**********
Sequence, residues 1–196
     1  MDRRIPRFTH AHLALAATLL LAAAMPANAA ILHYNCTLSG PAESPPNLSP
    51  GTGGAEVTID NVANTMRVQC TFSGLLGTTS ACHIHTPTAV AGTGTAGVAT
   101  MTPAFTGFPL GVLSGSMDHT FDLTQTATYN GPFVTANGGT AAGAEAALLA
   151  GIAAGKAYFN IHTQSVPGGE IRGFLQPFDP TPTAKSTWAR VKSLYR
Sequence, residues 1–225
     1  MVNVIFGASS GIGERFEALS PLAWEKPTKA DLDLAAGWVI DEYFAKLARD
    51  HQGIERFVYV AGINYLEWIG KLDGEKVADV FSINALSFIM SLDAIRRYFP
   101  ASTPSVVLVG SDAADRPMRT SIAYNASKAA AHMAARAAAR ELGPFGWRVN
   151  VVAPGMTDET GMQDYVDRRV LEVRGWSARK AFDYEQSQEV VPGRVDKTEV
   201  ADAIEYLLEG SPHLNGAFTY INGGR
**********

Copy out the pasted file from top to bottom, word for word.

Sequence, residues 1–196
     1  MDRRIPRFTH AHLALAATLL LAAAMPANAA ILHYNCTLSG PAESPPNLSP
    51  GTGGAEVTID NVANTMRVQC TFSGLLGTTS ACHIHTPTAV AGTGTAGVAT
   101  MTPAFTGFPL GVLSGSMDHT FDLTQTATYN GPFVTANGGT AAGAEAALLA
   151  GIAAGKAYFN IHTQSVPGGE IRGFLQPFDP TPTAKSTWAR VKSLYR
Sequence, residues 1–225
     1  MVNVIFGASS GIGERFEALS PLAWEKPTKA DLDLAAGWVI DEYFAKLARD
    51  HQGIERFVYV AGINYLEWIG KLDGEKVADV FSINALSFIM SLDAIRRYFP
   101  ASTPSVVLVG SDAADRPMRT SIAYNASKAA AHMAARAAAR ELGPFGWRVN
   151  VVAPGMTDET GMQDYVDRRV LEVRGWSARK AFDYEQSQEV VPGRVDKTEV
   201  ADAIEYLLEG SPHLNGAFTY INGGR